Project Implementation overview: There were 7 quarter acre units that trees were harvested from (25-30 trees from each ¼ acre gap). With previous equipment, about 8-10 logs/day could be harvested. With larger equipment used during this project, this same work could be done in an hour. Broke logs apart with equipment to give more natural split instead of smooth, bucked logs that we have seen in previous wood placement projects. Unit rehab was done on the way out (subsoil, scatter slash, youth corps fine tuning areas that equipment could not access such as drainage ditches.) Logs were moved to staging sites, then moved directly into the flood plain. Instream placement- built out secondary channels first, then let water back in, and dammed off main stem to do work there.
Fish biologist from USFS Deschutes Ranger District helped with project redesign which involved dispersing more berm material than originally planned. Turbidity resulting from the instream work often clearing within a few hours. If dammed properly, working in mostly dry area and not creating turbidity issues.
Moved 3,000 fish in fish salvage process when dewatering channels. Found one juvenile Chinook, and 4 sub adult bull trout. Most were sculpin, rainbow, some cutthroat, tailed frogs, and pacific giant salamander.
Showed before and after photos from different locations throughout the project.
In response to a question from Mr. Mealy, Mr. Baker explained that no EA was done because there is a new categorical exclusion for restoration projects. Public scoping was completed but no comments were received. Work on upper half had minimal impact. Near footbridge, had more sediment impact, but very quick positive response from stream.
In response to a question, Mr. Weybright noted that salvaged fish were moved upstream or downstream outside of the project impact area.
Ms. Reis stated that they observed trout already using new habitat when ODFW staff went back to visit the project site. Mr. Baker noted that the McKenzie River Ranger District had a few comments from Bellknap Hot Springs, but when project was explained, were able to smooth things over. No negative public response to this project has been received from any of the partners.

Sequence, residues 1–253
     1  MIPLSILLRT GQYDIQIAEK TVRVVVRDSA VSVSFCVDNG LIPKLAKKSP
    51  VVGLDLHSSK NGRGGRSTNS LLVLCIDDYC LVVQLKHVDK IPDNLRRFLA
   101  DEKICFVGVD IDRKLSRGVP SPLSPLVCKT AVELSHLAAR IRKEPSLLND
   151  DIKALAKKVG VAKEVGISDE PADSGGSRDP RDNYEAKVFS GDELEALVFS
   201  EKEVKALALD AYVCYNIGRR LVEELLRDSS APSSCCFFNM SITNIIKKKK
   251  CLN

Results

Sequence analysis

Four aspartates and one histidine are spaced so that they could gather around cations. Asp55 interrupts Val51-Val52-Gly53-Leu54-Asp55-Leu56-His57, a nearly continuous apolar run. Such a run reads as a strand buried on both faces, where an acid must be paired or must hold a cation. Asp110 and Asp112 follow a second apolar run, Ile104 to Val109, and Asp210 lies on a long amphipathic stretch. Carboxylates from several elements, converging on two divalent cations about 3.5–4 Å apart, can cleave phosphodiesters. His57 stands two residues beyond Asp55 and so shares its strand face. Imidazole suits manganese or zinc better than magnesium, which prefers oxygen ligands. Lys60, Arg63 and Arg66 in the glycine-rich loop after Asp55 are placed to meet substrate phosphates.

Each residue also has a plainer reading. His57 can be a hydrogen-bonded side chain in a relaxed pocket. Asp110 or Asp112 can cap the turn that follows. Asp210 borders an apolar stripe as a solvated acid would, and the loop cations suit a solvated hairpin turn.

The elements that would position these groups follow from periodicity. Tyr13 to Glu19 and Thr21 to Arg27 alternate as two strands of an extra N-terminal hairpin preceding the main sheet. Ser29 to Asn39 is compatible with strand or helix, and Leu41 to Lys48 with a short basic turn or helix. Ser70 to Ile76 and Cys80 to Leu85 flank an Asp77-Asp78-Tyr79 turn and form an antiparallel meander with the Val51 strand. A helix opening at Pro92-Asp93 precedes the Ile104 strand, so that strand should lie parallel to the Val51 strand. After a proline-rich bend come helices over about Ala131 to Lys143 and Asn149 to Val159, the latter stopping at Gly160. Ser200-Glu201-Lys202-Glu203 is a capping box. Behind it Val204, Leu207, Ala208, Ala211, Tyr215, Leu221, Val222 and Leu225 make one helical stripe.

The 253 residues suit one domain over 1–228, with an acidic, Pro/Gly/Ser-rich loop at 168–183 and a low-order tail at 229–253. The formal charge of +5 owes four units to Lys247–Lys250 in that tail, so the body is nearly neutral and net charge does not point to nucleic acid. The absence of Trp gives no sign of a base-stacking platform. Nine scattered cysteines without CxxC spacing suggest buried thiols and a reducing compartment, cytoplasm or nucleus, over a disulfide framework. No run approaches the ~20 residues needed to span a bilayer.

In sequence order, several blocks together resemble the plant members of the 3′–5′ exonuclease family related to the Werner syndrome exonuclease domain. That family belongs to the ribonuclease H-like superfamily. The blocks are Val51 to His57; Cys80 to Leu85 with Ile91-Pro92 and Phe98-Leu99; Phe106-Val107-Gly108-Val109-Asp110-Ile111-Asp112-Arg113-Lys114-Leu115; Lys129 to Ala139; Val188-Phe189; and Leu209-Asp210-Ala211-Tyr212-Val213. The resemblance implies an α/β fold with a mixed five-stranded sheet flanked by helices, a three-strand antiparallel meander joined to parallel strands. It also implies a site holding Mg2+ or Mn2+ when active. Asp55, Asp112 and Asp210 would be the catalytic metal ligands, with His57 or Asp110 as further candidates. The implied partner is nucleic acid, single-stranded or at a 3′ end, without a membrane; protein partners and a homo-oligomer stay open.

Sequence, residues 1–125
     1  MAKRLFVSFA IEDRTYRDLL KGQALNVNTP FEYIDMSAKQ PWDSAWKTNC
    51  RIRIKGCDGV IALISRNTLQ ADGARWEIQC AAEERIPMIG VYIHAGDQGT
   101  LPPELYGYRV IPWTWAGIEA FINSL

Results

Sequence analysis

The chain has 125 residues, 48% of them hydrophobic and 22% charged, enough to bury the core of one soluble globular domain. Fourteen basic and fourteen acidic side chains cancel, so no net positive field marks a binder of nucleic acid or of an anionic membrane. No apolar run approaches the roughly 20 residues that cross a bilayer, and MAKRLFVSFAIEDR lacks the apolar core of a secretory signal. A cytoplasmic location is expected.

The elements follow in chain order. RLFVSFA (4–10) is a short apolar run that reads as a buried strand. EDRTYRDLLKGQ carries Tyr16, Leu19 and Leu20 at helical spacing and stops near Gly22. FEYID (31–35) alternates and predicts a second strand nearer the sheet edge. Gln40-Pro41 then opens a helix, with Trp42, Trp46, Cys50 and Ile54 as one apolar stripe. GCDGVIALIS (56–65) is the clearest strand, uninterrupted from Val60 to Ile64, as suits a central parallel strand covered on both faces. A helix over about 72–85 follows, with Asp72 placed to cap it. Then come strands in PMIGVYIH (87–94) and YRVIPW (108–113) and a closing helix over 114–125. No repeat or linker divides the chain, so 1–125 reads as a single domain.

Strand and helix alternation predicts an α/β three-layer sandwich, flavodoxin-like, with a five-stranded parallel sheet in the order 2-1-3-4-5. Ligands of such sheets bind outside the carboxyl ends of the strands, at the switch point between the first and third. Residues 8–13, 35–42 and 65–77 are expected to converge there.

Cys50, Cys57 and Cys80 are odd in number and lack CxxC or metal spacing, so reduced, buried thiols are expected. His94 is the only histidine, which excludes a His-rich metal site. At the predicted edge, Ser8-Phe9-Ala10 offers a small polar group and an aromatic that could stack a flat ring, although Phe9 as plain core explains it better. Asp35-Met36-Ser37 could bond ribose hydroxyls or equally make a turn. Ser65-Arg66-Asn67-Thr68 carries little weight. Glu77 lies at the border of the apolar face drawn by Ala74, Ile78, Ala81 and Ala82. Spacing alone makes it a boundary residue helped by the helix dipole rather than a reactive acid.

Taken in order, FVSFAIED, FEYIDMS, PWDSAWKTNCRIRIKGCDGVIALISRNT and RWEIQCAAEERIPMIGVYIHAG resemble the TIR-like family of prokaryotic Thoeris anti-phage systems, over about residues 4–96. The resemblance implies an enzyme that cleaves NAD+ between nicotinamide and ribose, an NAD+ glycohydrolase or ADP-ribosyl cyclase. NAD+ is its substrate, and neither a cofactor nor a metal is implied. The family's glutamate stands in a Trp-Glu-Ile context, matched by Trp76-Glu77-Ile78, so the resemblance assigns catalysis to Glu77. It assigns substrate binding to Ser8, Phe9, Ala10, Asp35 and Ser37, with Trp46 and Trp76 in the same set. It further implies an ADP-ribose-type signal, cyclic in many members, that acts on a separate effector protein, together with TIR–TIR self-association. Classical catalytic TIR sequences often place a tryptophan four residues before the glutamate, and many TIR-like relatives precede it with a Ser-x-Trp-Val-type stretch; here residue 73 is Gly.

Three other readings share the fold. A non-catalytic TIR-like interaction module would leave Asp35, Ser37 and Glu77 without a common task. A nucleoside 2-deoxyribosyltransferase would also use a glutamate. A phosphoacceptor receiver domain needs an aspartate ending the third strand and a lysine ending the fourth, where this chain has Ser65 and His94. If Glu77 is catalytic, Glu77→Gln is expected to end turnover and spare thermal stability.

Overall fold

Guides may have some funding to help with project completion. Mr. Mealey will be in touch with Mr. Weybright.
What would impacts be in a flood year? No guarantees, but there will be more stabilization provided by the placement of whole tipped trees to be placed in Phase II.
Are pieces tagged? No. This was not a condition of the project. A project that Ms. Reiter is currently working on is tagging wood that was placed. This may be something to consider (maybe on lower half mile). Could talk to Stan Gregory regarding strategies. Primary downstream infrastructure issue is McKenzie River Trail footbridge. Otherwise, quite a bit of geographical buffer on Forest Service land in this area.
Mr. Morgenstern announced that EWEB has contracted with UO and OSU to extend slices framework. Fish abundance diversity monitoring is included. It will be finished next year, then will have land use, land cover, and fish abundance data, etc.
Mr. Mealey said that Mr. Morgenstern took leadership on the cleanup of homeless camps. Now there is an app available for site locations, possible threats, cleanup, etc. 60 camps currently identified, nearly 40 have been cleaned up.